Jerome Brentar, dumped by Vice President George Bush from an ethnic campaign committee last week over allegations of anti-Semitism, insisted last night he was still part of the campaign and had not resigned. Brentar, a Croatian-American, also refused to concede that Nazis had deliberately gassed Jews during World War II and insisted on the innocence of John Demjanjuk, convicted in Israel this year of running the gas chamber at Treblinka death camp. In a confrontation with Rep. Stephen Solarz, D-N.Y.
NEWS
November 27, 1986 | By Kate Shatzkin, Special to The Inquirer
At first glance, the painting is of a traditional Madonna and child, illuminated in gold, a celebration of two faces. But on second look, the facial features are pulled a bit off-balance, the eyes wary, slightly but perceptibly afraid. The subjects of this painting are not Mary and Jesus, but nameless Jewish ghetto children of the Holocaust. Mary Costanza, the artist, says she paints the children as religious figures - as icons. "The children in the ghettos helped each other.
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NEWS
May 9, 2015 | By Jessica Parks, Inquirer Staff Writer
These days, when Sipora Groen travels, it's work. In between bar mitzvahs, graduations, and a Mother's Day reunion at the Jersey Shore, Groen has also been visiting local schools and congregations to tell her story of love and survival during the Holocaust. Sipora Rodrigues-Lopes was a young nurse in Amsterdam when the German occupation began. She was one of only 30,000 Dutch Jews - one in four - to survive the Nazis. The war took all her close relatives, her fiancee, her home, and her possessions, but also introduced her to the man who would become her husband.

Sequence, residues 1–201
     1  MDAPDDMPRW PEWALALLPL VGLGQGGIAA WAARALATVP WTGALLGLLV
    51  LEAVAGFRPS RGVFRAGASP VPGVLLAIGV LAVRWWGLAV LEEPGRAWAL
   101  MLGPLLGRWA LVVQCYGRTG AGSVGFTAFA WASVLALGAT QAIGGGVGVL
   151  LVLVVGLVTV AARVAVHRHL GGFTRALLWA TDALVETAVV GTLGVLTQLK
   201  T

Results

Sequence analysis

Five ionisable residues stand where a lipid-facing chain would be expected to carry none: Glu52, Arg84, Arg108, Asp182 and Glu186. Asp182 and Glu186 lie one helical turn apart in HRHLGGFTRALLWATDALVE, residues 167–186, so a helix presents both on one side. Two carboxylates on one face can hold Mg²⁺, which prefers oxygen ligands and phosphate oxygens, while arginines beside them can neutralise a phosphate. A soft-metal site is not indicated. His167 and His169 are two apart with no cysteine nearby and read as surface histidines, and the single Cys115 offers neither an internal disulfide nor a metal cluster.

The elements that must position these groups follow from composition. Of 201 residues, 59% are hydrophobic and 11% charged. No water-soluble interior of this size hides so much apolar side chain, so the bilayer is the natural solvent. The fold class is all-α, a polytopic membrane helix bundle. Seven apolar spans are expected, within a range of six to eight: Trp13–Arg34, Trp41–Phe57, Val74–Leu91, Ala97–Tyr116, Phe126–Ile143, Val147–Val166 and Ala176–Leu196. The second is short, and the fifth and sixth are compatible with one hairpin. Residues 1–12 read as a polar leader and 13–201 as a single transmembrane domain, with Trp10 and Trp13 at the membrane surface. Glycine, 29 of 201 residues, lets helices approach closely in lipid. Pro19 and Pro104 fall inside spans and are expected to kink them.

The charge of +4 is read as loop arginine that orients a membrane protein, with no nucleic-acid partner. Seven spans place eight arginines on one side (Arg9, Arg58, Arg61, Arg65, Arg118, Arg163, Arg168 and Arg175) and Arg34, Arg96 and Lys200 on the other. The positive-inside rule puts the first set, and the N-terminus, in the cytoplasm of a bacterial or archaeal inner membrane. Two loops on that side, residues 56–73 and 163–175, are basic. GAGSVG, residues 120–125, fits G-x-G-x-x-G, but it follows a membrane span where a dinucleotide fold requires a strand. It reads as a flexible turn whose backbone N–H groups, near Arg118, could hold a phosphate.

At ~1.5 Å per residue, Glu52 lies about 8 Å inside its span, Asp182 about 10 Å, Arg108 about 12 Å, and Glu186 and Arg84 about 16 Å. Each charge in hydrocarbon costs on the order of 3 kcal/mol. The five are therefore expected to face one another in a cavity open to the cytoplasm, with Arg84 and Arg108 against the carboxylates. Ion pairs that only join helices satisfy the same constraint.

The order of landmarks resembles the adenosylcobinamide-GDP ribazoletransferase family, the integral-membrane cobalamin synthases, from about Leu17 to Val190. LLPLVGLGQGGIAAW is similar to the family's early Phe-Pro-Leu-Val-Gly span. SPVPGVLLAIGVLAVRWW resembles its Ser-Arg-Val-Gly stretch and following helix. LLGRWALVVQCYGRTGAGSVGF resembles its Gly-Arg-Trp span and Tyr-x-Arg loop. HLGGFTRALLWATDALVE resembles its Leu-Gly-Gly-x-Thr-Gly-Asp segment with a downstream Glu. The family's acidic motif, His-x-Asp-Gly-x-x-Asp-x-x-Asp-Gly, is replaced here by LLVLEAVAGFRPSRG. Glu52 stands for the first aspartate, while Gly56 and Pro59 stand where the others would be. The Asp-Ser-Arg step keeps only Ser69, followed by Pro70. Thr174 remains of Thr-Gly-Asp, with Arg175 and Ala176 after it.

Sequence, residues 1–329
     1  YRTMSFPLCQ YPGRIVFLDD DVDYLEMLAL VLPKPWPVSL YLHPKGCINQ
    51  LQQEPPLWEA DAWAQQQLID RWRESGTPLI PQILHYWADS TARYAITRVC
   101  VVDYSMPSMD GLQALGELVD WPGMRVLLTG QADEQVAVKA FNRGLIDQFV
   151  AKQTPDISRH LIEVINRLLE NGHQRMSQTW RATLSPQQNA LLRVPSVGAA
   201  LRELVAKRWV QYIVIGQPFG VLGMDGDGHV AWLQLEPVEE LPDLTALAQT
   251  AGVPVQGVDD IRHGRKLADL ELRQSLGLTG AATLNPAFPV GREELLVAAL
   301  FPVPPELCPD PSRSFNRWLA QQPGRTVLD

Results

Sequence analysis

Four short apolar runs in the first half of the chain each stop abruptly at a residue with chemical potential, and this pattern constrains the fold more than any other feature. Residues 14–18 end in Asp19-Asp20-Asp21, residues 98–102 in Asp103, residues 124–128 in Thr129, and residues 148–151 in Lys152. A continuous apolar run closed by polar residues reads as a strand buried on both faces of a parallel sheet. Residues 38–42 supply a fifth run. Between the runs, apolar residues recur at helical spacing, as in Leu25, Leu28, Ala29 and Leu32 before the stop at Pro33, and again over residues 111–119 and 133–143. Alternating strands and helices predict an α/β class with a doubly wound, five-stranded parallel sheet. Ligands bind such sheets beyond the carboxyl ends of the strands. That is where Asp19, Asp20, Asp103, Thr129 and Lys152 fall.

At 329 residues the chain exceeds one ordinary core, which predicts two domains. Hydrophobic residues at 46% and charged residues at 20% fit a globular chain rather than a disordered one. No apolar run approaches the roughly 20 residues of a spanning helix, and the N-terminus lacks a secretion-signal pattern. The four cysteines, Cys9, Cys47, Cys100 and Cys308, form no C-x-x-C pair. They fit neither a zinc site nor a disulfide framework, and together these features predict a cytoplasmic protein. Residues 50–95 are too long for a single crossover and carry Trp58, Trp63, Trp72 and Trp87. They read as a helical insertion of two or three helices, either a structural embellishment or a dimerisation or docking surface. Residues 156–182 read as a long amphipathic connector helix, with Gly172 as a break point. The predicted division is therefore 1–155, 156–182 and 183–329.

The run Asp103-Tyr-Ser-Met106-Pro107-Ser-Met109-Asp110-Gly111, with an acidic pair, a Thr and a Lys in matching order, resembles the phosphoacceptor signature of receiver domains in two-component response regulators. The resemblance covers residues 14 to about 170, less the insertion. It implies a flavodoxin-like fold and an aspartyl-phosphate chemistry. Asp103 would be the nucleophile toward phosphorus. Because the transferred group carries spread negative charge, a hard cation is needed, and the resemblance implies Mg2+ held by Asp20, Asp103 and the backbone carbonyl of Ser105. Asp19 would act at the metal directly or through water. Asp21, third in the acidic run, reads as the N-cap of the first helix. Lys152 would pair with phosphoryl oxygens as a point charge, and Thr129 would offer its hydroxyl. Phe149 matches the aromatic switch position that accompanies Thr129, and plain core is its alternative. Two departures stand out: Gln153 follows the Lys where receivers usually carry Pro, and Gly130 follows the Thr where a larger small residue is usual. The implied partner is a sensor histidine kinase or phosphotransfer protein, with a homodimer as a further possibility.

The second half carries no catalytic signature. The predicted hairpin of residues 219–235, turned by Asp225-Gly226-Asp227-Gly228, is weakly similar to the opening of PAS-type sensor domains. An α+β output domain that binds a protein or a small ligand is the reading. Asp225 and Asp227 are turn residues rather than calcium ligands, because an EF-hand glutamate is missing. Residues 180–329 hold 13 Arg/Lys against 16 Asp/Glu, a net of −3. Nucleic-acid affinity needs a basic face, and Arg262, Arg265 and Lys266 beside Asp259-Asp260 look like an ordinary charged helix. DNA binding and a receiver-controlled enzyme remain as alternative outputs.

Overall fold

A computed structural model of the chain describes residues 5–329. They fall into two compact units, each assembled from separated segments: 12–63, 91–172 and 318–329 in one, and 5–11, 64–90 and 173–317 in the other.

NEWS
April 15, 2015 | By Walter F. Naedele, Inquirer Staff Writer
Esther Terner Raab was among the 300 prisoners who on Oct. 14, 1943, escaped from Sobibor, the Nazi death camp in Poland. Mrs. Raab years later served as a consultant on the Belgrade set of Escape From Sobibor , the three-hour TV movie shown on the CBS network in 1987. A stage play about her, Dear Esther, was performed in 1998 at the U.S. Holocaust Memorial Museum in Washington and is performed regularly for student audiences in the Philadelphia region. She traveled often to testify at trials in Germany of concentration camp officials, a son, Abe, said.
NEWS
April 4, 2015